For most street machines, regardless of the style of car, it's possible to condense these machines down to two basic categories. These cars are either lookers-the posers-or runners that generally are not as pretty. There are exceptions to every rule, and Roger's Pro Street Camaro is a shot at both. The car is certainly visually impressive and it does run. Roger's goal is a car that he could drive 500 miles, run a high 8-second pass, and then drive it home. That's his version of Pro Street and also a lofty goal that can certainly be accomplished. Even a 9-second car that is streetable is impressive. That would be the mark of a successful Pro Street car.
If there is a movement afoot with Pro Street, it would have to be with cars that are still very quick, but that can easily be driven long distances without turning the passengers into a zombied pool of primordial jelly at the end of a two-state trek. More sophisticated chassis designs with adjustable shock valving for better ride quality is an area that would greatly benefit Pro Street cars without sacrificing performance.
The Pro Touring movement has been building for several years now. In fact, these cars have their own Web site at www.pro-touring.com that celebrates the concept. As with Pro Street, there are as many interpretations of the concept as there needle bearings in a Muncie four-speed cluster gear. The basic concept champions a car that can accelerate, brake, turn corners, and complete a cross-country road trip with equal aplomb.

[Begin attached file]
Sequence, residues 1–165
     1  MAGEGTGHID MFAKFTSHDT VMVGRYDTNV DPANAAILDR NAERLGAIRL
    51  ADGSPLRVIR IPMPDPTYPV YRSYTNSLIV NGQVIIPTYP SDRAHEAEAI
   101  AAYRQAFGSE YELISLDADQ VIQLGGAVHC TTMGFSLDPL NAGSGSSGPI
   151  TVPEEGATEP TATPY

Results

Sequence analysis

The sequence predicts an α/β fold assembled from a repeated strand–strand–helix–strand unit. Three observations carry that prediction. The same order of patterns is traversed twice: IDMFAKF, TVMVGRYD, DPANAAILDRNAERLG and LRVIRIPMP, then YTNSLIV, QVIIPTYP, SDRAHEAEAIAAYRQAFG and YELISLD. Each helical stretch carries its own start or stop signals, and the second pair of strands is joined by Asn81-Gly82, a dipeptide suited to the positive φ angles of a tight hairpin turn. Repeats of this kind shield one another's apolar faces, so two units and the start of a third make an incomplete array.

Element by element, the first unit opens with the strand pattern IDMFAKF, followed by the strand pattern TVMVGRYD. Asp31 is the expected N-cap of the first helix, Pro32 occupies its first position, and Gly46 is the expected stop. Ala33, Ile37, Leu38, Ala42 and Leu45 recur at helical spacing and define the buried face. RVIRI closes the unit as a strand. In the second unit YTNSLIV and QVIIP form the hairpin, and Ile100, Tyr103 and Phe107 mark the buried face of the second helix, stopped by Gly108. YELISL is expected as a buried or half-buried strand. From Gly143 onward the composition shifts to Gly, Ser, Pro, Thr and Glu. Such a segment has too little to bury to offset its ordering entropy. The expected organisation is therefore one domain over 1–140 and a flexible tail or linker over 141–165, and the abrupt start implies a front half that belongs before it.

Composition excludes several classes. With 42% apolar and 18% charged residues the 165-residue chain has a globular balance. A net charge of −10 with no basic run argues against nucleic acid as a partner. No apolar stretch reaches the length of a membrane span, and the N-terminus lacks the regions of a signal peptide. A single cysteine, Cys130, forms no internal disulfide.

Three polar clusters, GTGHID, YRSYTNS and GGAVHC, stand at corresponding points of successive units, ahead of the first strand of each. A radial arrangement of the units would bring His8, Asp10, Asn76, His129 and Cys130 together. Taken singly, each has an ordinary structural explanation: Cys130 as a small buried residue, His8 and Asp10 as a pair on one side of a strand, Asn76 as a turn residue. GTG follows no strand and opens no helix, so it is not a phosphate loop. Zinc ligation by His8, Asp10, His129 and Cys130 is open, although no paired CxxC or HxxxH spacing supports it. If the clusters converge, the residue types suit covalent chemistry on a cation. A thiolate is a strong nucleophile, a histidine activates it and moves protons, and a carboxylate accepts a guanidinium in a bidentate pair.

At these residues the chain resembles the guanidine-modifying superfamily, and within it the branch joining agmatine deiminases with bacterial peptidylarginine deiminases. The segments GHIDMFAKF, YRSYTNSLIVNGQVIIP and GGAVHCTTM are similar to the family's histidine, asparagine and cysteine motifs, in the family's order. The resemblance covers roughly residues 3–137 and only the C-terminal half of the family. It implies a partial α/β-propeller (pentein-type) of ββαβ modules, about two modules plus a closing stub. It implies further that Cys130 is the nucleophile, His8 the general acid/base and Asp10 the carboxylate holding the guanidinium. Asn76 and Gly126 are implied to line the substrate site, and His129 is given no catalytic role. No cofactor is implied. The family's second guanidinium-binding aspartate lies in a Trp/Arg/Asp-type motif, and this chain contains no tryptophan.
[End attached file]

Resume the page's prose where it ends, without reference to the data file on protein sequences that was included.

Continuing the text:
Within this definition, many Pro Touring cars are built strictly to create the image with 16- to 18-inch tires and wheels and massive brakes on all four corners. Combined with a lowered stance, that generally is enough to qualify for Pro Touring status.
Beyond the strictly bolt-on effort however, is a whole segment of Pro Touring cars whose owners are not afraid to run them-hard! You see them at track days at major road courses like Road Atlanta, Road America in Wisconsin, Willow Springs near Rosamond, California, and Thunder Hill in Northern California. While most of these events are merely opportunities to run your car hard on a road course, it points out that a healthy portion of Pro Touring machines has more than highway cruising as their target goal.